The TUI smile is one of the best known logos in the travel industry – but, thanks to the pandemic, passengers on its planes are not seeing any from the cabin crew.
Instead, with their usual cheery grins hidden by masks, the staff are learning to “smize” in the skies.
What’s a smize? It’s to ‘’smile with your eyes’’, an expression coined by USA TV personality Tyra Banks on TV show America’s Next Top Model.
We asked 40-year-old Gatwick- based cabin crew member Huwaida Maxwell – who’s worked on TUI short- and long-haul routes for 13 years – how she and her colleagues are delivering service with a “smize” in the corona travel era.
Check out Huwaida's answers below - including her top tips for passengers wearing masks.
What are your top tips for delivering friendly service behind a mask?
Be yourself, always be happy and – believe me – customers will see it through your masks.
- READ MORE
- 1. 'Is the Covid vaccine safe for people with allergies?'
- 2. Why my toddler might be part of a generation actually benefiting from the lockdown
- 3. Mum's 'heart sinks' as son draws heartbreaking reality of her working from home
- 4. Wuhan lab at centre of Covid storm 'designed cages to breed bats for virus experiments'
Always talk loud and clear – it’s even worth practising your mask voice. Our voices must play an even bigger role than usual, so try to speak up as much as you can.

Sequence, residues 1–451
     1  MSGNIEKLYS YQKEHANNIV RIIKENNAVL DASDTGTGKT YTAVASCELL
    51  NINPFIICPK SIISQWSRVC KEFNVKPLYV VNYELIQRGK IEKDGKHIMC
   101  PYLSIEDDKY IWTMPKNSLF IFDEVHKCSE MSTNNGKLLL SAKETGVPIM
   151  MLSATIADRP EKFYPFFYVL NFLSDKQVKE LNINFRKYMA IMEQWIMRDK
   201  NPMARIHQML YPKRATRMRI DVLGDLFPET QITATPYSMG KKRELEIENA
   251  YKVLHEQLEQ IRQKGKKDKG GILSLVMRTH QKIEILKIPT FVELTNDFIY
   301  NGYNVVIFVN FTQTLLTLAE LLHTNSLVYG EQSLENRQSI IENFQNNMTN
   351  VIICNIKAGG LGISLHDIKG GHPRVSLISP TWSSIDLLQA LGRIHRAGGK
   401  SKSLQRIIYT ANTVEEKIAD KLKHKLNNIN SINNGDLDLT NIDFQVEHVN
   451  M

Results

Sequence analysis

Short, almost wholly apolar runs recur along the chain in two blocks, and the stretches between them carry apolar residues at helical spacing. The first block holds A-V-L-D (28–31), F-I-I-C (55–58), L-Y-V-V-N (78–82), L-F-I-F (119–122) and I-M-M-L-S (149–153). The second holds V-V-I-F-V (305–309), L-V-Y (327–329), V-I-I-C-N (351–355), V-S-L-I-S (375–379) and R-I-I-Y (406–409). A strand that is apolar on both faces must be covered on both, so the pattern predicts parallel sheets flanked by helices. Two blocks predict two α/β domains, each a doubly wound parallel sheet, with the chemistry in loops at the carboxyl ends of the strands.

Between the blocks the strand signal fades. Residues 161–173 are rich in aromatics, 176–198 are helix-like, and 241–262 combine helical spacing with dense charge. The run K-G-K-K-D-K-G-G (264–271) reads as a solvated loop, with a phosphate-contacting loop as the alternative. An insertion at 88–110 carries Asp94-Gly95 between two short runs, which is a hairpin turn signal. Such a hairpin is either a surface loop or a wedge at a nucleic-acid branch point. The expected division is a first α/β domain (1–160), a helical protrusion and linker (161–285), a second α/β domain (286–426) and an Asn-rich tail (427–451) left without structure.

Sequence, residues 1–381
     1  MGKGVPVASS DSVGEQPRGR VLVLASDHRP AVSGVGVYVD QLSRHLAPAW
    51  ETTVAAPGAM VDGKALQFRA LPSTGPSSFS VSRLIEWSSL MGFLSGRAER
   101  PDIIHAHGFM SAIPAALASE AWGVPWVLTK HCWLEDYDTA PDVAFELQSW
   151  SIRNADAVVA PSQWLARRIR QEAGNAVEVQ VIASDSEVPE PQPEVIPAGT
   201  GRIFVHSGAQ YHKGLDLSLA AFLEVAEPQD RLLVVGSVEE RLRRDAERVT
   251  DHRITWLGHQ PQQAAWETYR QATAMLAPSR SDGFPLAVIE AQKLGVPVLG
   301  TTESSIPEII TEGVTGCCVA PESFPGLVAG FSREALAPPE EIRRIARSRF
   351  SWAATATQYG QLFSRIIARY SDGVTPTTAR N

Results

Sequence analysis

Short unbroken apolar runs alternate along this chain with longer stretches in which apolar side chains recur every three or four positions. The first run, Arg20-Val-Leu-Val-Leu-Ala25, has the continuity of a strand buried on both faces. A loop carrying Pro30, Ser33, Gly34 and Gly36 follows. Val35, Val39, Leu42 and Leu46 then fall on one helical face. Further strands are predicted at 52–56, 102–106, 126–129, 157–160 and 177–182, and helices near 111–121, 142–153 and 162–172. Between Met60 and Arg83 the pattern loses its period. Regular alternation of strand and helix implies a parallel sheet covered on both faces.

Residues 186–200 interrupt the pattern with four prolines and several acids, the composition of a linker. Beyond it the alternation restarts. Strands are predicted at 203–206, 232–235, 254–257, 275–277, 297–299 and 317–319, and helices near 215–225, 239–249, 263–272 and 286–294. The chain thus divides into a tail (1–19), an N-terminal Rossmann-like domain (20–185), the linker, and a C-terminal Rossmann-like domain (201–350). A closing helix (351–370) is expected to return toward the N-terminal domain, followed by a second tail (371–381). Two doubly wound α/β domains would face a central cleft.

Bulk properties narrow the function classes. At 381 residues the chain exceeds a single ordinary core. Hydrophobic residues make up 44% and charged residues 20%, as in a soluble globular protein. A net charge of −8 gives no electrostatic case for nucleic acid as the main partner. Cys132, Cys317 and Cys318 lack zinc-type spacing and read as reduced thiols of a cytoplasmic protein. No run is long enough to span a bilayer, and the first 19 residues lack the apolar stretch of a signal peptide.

Use gestures and body language – a friendly wave, a little giggle nodding, shaking your head etc.
I find the best way to practise smiling with my eyes is in the mirror at home. We’re all about smiling at TUI and that doesn’t stop because we have to wear masks.
When in flight, does the mask tend to hamper your customer service?
I don’t see any issue with wearing a mask at all. You can always tell someone is smiling from their eyes – so, if anything, having the mask on only enhances the amount of eye contact you have with customers.
We can still hear our customers loud and clear and I make sure I have fun and joke with them. Sometimes they’ll ask for a couple of beers and I’ll make a joke: “was that a cup of peas?”
It’s small, random things like that which make them smile. I think we do a good job of reminding customers that we’re still the same friendly faces behind the masks.
Do you have any tips for customers wearing masks on flights?
Fabric masks are better for a longer flight time providing you change them on a regular basis, around every three to four hours.
I always wash my personal one with fabric conditioner as it smells really nice. While working, we wear surgical ones which we change regularly.